3. Reading can make you confident, and maybe even clever.The sense of progress and achievement you gain when you finish a difficult chapter or discover something for the first time can do wonders for self-esteem. The more genres and styles you try, the more new words you’ll be exposed to, which will find their way into your own vocabulary. And there’s a correlation between habits of daily reading and higher academic and economic achievements. Whether or not you read, and indeed how much and how often you read, may affect your life in a more significant way than you’d first imagine, whatever your social circumstances. Reading is more neurobiologically demanding than processing images or speech. Every sentence you read must be considered, deconstructed and reconstructed by your brain to produce meaning, as it’s forced to infer information based on your own unique experiences. We are forced to produce narrative, and reading lets us do this at our leisure; we can reflect on complex ideas more easily than if we were, say, watching a film or listening to the radio. When reading, we have the opportunity to stop and think about what’s going on in the story.

4. Reading helps fight cognitive decline.A study released in the journal Neurology showed evidence that reading and writing can reduce the rate of cognitive decline for patients with dementia. Staying mentally active through reading is an excellent way to battle decline and keep your brain sharp and nimble throughout life, and it may even promote physical health too by staving off brain disease. Researchers from the University of California, Berkeley also found that reading on a daily basis from a young age could inhibit the formation of the amyloid plaques which are found in the brains of Alzheimer’s sufferers - one study even found that older people who read regularly may be two and a half times less likely to have the disease. With this evidence, it seems that reading could well be as beneficial for the brain as it is for the mind.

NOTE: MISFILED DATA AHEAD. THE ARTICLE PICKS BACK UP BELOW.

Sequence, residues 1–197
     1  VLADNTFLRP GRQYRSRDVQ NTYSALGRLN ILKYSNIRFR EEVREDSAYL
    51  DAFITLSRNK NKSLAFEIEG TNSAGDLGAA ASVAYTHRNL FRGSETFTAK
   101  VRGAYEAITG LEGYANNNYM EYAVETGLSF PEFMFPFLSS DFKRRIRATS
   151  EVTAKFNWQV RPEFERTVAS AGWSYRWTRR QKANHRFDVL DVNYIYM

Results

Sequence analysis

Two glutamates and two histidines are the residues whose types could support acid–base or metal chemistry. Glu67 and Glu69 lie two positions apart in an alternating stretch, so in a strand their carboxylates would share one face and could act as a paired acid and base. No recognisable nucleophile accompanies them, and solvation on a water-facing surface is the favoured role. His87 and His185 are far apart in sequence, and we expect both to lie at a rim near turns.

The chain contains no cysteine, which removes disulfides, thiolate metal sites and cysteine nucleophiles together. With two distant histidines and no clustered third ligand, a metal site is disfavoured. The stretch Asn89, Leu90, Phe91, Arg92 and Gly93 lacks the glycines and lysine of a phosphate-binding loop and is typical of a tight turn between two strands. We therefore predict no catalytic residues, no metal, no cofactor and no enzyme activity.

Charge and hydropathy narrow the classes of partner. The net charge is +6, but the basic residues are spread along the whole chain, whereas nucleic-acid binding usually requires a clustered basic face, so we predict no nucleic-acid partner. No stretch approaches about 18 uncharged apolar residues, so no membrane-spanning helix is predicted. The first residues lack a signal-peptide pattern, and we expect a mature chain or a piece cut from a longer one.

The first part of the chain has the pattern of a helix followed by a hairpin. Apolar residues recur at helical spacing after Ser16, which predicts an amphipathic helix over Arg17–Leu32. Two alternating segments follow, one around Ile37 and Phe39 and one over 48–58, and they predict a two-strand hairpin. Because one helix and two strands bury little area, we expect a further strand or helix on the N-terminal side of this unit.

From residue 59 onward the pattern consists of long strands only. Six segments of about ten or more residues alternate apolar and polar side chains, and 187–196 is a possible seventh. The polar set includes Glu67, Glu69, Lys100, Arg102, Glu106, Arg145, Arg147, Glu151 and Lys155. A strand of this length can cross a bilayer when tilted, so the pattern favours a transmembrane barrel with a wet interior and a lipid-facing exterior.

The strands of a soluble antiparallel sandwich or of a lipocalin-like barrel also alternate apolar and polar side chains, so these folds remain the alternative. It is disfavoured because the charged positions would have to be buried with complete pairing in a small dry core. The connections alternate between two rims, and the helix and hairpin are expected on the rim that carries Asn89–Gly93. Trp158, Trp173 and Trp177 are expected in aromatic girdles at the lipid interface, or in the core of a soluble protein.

5. Reading changes your brain.Learning new vocabulary and keeping track of plot developments improves your mental fitness just like a good workout at the gym helps you to get better physically. Reading boosts your analytical thinking, because as you read new, challenging texts, your ability to detect patterns and predict future developments will get better and better. Amazingly, researchers from Carnegie Mellon University in Pennsylvania found that the reading process actually changes your brain; the volume of white matter in the language area of the brain generally increases the more people read. Moreover, they found evidence that brain structure can be improved with training, meaning that those who find reading arduous can train their brains to become better readers. All this is great news for book lovers - and it all seems to suggest that chilling out with a good book can actually be a really healthy activity.

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The above information is for reference only. Kwiksure takes no responsibility for the accuracy and timeliness of the information. For the coverage, mode of compensation, benefit limit and premium levels of any specific insurance plan, please refer to the relevant policy terms.